income tax rent
|January 9, 2007||Posted by Fred Foldvary under Archive, Progress Report, The Progress Report|
The Ability to Extract
by Fred E. Foldvary, Senior Editor
Public-finance economists divide taxes into two types, one based on the ability to pay, and the other based on benefits received. The U.S. federal income tax is allegedly based on the ability to pay. That’s why those with more income have higher tax brackets – they pay a higher percentage of their extra income in tax.
In practice, however, some high income does not get taxed. That’s what tax shelters and loopholes are for. The government uses the income tax not just to get revenue but to favor certain groups and activities and to penalize others. The income tax is really based on the ability to extract, the ability of government to take income from those who don’t have the political clout to get exemptions, deductions, credits, and special favorable treatment.
The tax changes recently passed by the federal government has added even more complications to the federal income tax. The bill has seven different capital gains tax rates. For example, collectibles are taxed at 28% rather than the 20% rate for stocks. Altogether the new tax law added 285 sections and amended 824 to the tax code, which totals 3,458 pages.
The little tax savings the public gets is offset by having to pay more to tax accountants and lawyers and tax newsletters, books, and software to figure it all out. We new have two types of IRAs. It’s nice to have a new way to reduce taxes, but the whole concept of IRAs is an abomination, since if interest income were not taxed, we would not need two IRAs and the half-dozen other ways of sheltering retirement income, all with restrictions and complicated rules.
While the income tax code is becoming more complicated, audits of ordinary taxpayers are getting more frequent and handled less competently. According to testimony at a Senate hearing about the IRS, the audits assigned to junior auditors rather than experienced ones rose from 20 percent to 58 percent in the past ten years. The audit rate for the wealthy and for large corporations has dropped while audits of small businesses and those earning $25,000 or less have doubled. The little guys are less able to contest IRS claims. On top of this, the IRS makes frequent mistakes due to its badly working computer system.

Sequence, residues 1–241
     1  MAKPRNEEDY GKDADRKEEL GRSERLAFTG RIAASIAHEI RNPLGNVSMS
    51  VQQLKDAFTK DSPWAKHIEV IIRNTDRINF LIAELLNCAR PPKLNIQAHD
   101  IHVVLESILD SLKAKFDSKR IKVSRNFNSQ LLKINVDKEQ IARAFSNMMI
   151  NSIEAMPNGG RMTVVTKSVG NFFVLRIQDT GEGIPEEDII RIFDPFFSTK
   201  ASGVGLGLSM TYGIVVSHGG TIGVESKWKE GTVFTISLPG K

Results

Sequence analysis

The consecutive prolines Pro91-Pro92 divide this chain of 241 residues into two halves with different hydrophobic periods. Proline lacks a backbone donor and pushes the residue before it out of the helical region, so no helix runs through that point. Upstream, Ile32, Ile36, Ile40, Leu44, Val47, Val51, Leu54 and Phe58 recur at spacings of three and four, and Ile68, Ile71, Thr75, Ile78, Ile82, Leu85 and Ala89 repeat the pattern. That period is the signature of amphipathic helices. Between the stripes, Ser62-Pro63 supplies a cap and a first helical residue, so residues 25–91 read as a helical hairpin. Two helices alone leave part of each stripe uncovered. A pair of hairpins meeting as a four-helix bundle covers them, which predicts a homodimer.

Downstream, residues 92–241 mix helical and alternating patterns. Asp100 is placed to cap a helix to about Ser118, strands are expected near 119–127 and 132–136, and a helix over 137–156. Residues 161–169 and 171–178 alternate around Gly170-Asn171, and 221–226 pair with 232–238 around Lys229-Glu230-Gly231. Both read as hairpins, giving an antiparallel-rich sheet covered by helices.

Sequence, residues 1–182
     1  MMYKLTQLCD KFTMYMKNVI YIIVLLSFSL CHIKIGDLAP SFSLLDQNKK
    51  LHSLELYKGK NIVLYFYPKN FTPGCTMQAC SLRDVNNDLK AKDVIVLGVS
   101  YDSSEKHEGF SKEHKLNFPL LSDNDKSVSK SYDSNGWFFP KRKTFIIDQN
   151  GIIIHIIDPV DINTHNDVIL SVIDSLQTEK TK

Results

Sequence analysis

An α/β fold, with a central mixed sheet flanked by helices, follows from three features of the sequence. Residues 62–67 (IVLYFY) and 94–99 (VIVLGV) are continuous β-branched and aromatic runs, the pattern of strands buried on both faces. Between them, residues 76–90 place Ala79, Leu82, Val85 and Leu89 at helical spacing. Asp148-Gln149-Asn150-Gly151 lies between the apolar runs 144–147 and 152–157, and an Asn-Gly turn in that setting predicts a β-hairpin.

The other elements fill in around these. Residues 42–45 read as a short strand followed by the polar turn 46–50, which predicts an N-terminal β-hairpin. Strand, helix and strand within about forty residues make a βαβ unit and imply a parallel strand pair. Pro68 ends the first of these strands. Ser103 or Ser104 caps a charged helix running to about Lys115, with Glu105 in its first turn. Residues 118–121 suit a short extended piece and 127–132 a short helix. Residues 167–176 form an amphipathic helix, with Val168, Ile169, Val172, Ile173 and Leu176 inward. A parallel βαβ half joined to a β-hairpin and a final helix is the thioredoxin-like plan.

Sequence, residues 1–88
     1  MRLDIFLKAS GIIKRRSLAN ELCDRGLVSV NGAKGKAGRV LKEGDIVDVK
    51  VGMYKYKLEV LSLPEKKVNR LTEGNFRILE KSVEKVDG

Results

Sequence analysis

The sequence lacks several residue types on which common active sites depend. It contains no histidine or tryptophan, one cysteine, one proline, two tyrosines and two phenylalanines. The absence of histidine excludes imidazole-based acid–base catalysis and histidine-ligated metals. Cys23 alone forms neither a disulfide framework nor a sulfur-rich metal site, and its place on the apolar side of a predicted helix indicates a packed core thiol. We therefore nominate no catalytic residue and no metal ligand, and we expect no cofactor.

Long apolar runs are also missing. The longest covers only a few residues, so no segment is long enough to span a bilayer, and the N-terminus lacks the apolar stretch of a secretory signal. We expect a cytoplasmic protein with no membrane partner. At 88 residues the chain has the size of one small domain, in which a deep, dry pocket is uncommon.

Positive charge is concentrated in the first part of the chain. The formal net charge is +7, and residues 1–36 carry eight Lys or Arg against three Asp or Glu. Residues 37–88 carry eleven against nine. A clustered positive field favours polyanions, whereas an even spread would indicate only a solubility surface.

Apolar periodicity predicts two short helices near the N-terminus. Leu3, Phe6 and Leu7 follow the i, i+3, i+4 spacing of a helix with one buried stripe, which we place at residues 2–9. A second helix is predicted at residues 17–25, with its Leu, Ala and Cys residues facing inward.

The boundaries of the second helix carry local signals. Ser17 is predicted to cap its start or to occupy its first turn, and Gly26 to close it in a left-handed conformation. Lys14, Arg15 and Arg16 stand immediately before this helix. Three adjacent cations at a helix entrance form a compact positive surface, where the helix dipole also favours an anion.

The basic problem here is giving the government the power to tax income in an arbitrary way. The political pressure is always to seek votes and campaign contributions with special tax treatments. So every few years, we get a new “tax reform” bill. The only effective remedy is a Constitutional change that bases public revenues on a rock-steady benefits principle. When you earn a wage, it’s your labor, not the government’s, so you should keep one hundred percent your earned income.
Most benefits provided by government services are territorial, from national defense to your local neighborhood park. These add value to land, and for the benefits received, the owners should pay the market rent. And no exceptions: every landowner benefits, so all pay the market rent.
When rent pays the taxes, there is no record keeping and no tax audits. You don’t need to hire a tax accountant. The government sends the landholder a bill, just like utilities do.
Attempts to have a flat tax or other simplificatins of the income tax will all fail in the long run. The reason is simple: political pressure. The only solution is the the Constitutional one: eliminate the income tax completely, and replace it with a single tax on land rent that all landowners pay at the same rate. Do this, and our tax troubles will be gone in one generation.
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Copyright 1997 by Fred E. Foldvary. All rights reserved. No part of this material may be reproduced or transmitted in any form or by any means, electronic or mechanical, which includes but is not limited to facsimile transmission, photocopying, recording, rekeying, or using any information storage or retrieveal system, without giving full credit to Fred Foldvary and The Progress Report.